Aldwyck Housing Group Case Study
Aldwyck Housing Group is a not-for-profit social housing provider. It supplies over 11,000 affordable homes to rent or buy and management services for around 25,000 people across the south east and east of England.
It offers specialist support and accommodation for young people, those with disabilities and older people. Its supported housing and care services range from 24-hour a day care, to on-call support as and when needed.
Aldwyck also delivers a wide variety of services to other organisations in the housing sector including development and housing management.
Since March 2011, Aldwyck has used online resources from Virtual College to deliver a blended learning solution to its staff.
Aldwyck employs people in a wide variety of roles including plumbers, administrators and senior managers. All new employees now work through five specific compulsory online modules and must pass these in order to complete their probation.
Janice Ross, Learning & Development Advisor for Aldwyck Housing Group, commented: “We had to overcome a number of challenges before being able to make e-learning a success.”
Aldwyck’s blended learning approach combines e-learning with classroom based training.
‘Personal safety’ e-learning courses, for example, are taken by all staff including those who are office based. Frontline staff go on to do a face to face ’lone working’ course.
Janice commented: "E-learning is ideal for new starters and refresher training. It’s a great way of delivering factual underpinning knowledge which provides the same consistency in the level of understanding.
“A blended approach ensures there are opportunities for discussion and a forum to clarify information. It also allows us to provide extra assistance for individuals who are struggling on particular topics."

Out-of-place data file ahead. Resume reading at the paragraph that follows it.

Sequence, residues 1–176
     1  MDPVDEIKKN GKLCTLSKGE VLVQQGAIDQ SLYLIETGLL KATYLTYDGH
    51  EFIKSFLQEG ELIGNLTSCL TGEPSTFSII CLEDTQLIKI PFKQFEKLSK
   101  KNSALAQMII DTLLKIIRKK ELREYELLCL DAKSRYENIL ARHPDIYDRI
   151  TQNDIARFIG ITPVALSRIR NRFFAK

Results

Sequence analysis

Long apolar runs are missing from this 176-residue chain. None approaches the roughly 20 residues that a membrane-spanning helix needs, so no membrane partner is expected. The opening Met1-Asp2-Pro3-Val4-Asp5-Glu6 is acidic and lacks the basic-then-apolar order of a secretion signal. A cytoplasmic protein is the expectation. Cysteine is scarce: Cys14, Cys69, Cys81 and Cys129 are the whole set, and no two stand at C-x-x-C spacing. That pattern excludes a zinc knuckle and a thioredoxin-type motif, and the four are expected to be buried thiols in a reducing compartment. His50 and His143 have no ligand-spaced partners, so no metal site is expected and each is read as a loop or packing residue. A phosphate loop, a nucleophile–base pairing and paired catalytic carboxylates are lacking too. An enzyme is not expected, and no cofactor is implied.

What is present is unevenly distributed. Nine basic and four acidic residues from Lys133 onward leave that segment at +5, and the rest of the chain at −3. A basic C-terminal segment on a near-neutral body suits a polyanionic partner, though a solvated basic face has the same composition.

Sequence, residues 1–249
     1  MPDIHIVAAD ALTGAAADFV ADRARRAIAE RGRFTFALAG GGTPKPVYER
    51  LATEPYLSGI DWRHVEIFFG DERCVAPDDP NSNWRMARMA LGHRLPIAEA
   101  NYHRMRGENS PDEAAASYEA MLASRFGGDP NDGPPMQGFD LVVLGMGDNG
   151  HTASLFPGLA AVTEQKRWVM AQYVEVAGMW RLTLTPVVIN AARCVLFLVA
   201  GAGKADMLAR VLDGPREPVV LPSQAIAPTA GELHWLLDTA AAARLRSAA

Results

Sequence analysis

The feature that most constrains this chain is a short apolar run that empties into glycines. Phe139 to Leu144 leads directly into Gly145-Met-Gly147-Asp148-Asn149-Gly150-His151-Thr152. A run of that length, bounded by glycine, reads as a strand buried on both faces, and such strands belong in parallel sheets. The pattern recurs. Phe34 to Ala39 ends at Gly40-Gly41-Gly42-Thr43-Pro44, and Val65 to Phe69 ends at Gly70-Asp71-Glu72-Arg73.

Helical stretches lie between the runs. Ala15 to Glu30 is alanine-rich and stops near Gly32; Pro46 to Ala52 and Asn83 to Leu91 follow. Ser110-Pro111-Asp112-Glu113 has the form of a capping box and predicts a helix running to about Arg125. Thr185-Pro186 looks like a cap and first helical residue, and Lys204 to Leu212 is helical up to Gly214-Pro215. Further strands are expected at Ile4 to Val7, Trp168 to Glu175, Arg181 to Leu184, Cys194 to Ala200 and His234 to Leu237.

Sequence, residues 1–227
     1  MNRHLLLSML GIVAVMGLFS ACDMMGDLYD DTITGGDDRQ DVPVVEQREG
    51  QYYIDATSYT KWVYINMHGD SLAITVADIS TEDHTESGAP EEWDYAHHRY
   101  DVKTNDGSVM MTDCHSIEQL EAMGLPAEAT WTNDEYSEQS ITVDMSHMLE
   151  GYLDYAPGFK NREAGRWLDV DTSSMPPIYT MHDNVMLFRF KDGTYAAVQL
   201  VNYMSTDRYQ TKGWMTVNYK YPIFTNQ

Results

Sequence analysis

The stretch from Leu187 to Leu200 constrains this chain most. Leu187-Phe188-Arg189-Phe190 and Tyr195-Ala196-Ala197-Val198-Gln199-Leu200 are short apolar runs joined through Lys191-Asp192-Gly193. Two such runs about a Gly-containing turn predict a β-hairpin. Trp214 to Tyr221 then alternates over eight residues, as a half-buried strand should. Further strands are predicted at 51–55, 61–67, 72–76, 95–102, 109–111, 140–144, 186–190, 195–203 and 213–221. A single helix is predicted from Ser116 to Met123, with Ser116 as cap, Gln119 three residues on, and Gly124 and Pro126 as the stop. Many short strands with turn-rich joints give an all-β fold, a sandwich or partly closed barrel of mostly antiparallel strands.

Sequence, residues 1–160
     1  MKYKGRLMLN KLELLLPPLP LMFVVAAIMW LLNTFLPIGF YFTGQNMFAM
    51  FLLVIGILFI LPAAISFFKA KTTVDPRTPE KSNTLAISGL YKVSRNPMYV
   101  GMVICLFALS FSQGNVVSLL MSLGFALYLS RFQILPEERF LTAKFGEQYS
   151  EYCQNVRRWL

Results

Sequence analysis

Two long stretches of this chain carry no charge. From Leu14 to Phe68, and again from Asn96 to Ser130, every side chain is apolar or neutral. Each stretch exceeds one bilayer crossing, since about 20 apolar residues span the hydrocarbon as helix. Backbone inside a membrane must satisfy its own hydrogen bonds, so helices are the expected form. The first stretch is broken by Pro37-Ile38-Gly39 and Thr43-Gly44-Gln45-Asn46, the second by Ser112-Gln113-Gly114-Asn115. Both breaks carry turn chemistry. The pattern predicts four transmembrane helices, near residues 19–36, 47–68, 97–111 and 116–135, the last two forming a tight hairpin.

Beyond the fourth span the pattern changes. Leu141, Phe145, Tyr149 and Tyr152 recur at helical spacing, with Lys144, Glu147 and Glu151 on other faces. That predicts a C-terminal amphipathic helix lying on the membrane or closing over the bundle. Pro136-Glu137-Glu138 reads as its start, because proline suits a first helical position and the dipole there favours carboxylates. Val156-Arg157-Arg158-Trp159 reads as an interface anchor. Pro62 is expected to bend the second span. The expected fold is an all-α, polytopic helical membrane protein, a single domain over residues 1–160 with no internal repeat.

In 2014, over 100 Aldwyck staff went through e-learning induction training.
Janice explained: “We would previously have delivered all of our new starter’s training via face to face, classroom based lessons.
“The introduction of e-learning has allowed us to deliver equivalent training for the same number of staff in significantly less time and a reduced cost.
“New staff are given a sense of inclusion. From the start, they can log on to their training and get to grips with introductory information. This helps them to feel more informed when they first start and reduces the amount of time required to complete training during their probation.
“One of the major benefits of online learning is flexibility. Face to face sessions are ideal for practical sessions but require a minimum number of learners to be cost effective. Previously it could be 6 months before some starters received new starter’s training.”
Online learning is also ideal for mobile staff or those who are regularly away from the head office.
“We are looking at the possibility of producing some simple e-learning authoring in the future so that we can incorporate our policies onto the learning management system, for example.”